Perhaps we can illustrate it this way. We all write a script for our lives. As the main character in the production, our draft scenario included going to school and university, having a career, meeting and marrying. As the plot progresses, we would work hard, have children, do things as a family and when the kids were grown we would travel, then retire, and ride off into the sunset together.
Every human being constructs a unique world of meaning. We all make assumptions about “how life is going to be” in the course of daily living. We are sustained by the network of explanations, expectations and enactments that shape our lives with ourselves and others. These assumptions provide us with a basic sense of order regarding our past, awareness regarding our current relationships and predictability regarding our future.
And most of us, at the end of the script, whatever the final details, add the words, "and they lived happily ever after.” Because that is what most of us would like to think is going to happen. While the particulars may change from time to time, we all want to think that life will be orderly, predictable, and go “according to the script.”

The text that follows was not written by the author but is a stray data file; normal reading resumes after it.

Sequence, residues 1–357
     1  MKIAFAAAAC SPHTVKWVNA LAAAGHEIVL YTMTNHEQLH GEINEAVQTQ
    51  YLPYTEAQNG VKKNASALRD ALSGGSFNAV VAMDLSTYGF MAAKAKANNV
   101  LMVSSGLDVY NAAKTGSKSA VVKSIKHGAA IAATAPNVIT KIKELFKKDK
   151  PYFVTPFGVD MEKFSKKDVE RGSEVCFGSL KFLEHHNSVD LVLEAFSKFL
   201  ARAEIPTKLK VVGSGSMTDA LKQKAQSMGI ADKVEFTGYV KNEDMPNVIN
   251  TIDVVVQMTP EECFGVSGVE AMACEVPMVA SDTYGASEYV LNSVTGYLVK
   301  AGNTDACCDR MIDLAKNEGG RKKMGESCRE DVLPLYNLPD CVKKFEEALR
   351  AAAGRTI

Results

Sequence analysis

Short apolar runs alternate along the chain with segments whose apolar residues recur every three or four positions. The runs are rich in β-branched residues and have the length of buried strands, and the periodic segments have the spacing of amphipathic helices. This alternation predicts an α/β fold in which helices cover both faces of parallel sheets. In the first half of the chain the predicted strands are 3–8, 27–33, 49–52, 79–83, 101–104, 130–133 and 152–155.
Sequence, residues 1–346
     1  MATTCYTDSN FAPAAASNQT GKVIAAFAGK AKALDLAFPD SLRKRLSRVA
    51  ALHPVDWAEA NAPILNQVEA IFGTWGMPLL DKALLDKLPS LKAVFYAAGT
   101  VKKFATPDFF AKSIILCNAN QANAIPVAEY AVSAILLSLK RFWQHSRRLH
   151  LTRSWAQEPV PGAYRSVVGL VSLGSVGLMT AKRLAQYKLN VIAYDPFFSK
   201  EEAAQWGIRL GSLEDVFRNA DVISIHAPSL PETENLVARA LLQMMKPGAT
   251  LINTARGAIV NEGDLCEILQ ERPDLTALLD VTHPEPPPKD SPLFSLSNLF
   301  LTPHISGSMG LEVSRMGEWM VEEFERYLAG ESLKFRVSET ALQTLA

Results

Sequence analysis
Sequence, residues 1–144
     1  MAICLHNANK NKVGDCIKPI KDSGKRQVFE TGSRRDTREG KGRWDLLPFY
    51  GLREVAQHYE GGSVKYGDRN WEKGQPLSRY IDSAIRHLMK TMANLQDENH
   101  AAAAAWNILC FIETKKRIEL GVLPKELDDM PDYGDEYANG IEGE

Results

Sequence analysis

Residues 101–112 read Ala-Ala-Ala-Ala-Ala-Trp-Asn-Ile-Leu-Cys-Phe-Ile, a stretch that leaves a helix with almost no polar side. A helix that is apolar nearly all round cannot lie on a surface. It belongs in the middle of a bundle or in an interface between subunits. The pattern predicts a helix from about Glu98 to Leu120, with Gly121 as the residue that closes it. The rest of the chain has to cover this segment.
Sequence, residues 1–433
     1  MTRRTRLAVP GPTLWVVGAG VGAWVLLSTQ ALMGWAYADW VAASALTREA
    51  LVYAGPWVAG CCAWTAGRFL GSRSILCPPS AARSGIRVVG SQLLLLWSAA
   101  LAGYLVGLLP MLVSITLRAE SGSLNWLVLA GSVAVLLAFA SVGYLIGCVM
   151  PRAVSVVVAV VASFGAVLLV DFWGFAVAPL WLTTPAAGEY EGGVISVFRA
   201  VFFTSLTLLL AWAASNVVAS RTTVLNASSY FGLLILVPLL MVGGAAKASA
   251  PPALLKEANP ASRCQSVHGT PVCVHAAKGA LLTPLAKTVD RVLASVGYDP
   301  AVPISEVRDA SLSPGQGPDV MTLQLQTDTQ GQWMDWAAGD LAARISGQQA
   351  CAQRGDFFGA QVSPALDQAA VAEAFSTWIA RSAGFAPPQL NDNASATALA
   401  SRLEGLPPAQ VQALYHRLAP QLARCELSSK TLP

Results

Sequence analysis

But sometimes life does not go according to the script. Not everything works out the way we planned. And then we find ourselves struggling to come to terms with “the grief of unmet expectations.” So, we need to place the loss in a context of meaning. We can do this in one of two ways. First, we can reaffirm what we formerly believed about life; or secondly, we can establish a new belief system about the meaning of life. In other words, does this experience make sense according to what I believed about life before or do I have to adapt my way of interpreting how life can be meaningful. The challenge is to find ways to integrate the experience into life as it now is, and to adopt new assumptions about our world which has been shaken and even violated by the loss.
Thus I contend that helping people through the grief of bereavement is not simply a matter of understanding the emotions that they may be expressing. Rather it involves supporting them through a reinterpretation of “how life can be meaningful again, even in the light of loss,” and empowering them to define life as it now is and to help them discover a meaningful new normal.